Mark Tredinnick


Poeta, ensayista y profesor. Muchas de sus  obras en poesía y prosa incluyen A Gathered Distance, Casi todo lo que sé, Garceta en un campo arado, Bluewren Cantos, Diario de fuego, La meseta azul y El pequeño libro rojo de escritura. Desde 2003, Tredinnick ha publicado más de doscientas obras: poemas, ensayos, reseñas, artículos y libros. Durante veinticinco años, ha enseñado poesía y escritura expresiva en la Universidad de Sydney, donde fue poeta residente en 2018. Sus muchos honores incluyen dos de los premios de poesía más importantes del mundo, el de Montreal y el de Cardiff.

The Last Day of Winter

Three elms stand bright as bauxite against purple snow clouds.
                                         Someone has dipped the trees
                           in ink the very colour of desire. But three minutes on,

Their small moment past, the trees slump in the dusk; the cloud rolls north.
                                         The hill to the east, though,
                           is violet yet, and the clouds above it are mauve and yellow and grey.

The end of things, like the start, is often electric. 5.35 today: an essay in love
                                         and grief, so often paired,
                           in my experience—delight and fear, tenderness and panic.

What made me look up to see this? The useless world consoles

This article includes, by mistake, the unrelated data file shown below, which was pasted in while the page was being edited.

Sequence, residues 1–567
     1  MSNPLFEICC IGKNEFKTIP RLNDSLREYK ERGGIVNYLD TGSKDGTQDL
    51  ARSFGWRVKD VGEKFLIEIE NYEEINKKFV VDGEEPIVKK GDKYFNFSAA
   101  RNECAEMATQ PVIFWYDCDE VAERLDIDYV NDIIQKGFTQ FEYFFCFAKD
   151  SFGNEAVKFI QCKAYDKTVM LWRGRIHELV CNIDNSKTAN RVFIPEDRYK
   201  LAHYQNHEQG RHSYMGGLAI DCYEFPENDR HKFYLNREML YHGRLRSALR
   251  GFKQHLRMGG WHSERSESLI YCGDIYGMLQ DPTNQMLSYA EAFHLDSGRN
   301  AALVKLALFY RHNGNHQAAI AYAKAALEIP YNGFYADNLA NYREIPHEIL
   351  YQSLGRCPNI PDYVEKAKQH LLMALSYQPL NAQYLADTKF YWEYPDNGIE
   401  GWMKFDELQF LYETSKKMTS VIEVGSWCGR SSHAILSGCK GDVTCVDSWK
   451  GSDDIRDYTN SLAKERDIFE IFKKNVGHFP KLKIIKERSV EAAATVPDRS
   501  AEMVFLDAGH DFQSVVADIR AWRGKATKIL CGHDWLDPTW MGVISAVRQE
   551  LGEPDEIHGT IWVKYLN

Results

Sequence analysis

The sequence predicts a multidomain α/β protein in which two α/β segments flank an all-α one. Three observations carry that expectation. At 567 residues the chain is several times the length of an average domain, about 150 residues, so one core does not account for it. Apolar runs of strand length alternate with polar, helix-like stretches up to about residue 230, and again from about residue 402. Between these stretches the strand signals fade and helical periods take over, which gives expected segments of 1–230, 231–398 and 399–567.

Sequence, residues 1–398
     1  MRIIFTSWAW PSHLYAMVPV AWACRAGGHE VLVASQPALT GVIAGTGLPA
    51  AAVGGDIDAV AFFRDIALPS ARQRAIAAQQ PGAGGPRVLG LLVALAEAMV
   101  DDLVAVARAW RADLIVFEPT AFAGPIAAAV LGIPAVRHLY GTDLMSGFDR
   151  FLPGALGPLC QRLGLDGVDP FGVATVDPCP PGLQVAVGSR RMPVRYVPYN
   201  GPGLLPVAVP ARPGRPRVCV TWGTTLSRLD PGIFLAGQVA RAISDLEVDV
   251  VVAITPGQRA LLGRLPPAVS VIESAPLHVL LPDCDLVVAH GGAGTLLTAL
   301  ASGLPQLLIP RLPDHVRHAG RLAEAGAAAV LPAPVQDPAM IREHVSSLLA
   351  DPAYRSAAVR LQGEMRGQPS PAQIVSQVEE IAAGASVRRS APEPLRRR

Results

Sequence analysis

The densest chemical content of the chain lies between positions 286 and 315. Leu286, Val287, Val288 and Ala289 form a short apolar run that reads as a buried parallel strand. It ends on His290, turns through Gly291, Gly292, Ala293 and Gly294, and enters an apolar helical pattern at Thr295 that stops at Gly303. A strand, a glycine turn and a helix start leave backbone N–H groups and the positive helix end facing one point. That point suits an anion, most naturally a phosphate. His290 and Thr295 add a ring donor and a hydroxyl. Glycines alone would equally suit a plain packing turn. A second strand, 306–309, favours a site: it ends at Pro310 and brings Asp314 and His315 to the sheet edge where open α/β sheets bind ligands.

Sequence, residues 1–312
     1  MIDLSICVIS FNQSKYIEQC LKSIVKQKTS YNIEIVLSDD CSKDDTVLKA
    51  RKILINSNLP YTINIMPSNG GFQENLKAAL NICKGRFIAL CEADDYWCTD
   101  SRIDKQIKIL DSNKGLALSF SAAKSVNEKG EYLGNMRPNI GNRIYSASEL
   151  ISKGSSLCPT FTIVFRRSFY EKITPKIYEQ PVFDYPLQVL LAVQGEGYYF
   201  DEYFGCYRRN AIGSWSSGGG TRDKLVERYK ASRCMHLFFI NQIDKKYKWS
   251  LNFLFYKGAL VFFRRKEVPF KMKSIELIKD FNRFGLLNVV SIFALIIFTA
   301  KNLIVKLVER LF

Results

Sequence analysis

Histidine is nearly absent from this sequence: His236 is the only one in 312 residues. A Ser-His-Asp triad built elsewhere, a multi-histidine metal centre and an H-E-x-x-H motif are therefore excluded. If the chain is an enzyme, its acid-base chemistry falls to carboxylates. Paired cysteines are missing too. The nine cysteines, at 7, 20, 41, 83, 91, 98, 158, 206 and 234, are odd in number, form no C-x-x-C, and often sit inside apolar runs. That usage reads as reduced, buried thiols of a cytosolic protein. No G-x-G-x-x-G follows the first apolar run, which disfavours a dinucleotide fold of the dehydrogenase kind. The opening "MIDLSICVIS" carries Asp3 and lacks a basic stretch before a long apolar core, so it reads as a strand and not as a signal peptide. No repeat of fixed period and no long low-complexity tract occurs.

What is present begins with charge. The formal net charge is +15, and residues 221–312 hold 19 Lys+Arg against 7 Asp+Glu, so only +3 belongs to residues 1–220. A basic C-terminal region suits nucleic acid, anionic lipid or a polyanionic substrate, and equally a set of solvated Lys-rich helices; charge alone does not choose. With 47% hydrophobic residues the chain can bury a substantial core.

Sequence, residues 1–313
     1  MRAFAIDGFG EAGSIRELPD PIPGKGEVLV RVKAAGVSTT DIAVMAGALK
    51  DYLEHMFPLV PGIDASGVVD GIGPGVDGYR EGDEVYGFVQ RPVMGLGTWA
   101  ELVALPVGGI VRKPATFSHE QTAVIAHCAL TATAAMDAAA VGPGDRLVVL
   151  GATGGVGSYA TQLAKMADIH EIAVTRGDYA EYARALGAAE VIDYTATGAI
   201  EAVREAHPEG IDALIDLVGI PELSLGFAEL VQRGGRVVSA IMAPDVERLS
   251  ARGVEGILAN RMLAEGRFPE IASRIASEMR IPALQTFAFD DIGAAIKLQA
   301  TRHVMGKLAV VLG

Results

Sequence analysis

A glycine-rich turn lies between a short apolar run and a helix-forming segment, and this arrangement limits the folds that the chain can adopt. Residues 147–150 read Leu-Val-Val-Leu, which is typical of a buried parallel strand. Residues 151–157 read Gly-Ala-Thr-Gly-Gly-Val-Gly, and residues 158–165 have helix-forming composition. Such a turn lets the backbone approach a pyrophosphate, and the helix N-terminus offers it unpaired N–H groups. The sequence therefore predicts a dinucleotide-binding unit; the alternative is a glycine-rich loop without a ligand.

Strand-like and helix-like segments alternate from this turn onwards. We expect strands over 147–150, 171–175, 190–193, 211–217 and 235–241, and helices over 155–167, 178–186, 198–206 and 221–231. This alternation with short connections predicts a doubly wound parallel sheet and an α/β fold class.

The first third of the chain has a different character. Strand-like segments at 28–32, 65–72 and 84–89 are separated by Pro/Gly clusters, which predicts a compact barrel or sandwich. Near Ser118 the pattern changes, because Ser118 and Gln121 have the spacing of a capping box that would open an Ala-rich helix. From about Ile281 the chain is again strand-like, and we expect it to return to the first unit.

even when one’s lost
                           in one’s several incoherent selves, one’s discontinuous narrative. The world

Flares. Beauty insists on itself; night insists on itself after that. And just as it does,
                                         this day, a kookaburra cants
                           and the violin slides like a woman in silk sheets all the way down to the end

Of the partita. I seem to have forgotten how to live my life. Something in me
                                         wants just one god,
                           one muse or another, the tree or the cloud. Magenta or cyan. Darkness

Falls: why, still, can I not bring my heart to rest like that? The world is neither right
                                         nor wrong. It is dusk
                           and then it is midnight, then dawn. All there is is earth, this single manifestation

Of eternity. And all one has to do is live, in joy and in woe. Perhaps in praise. And yet,
                                         offered two heavens,
                           I want only one. But which one? Did anyone else ever die of delight?

Tonight the moon is new again, shy as you were. She is an empty boat above the city
                                         in the pale estuary
                           of dusk. In her—nothing but beauty and longing. And something I let slip.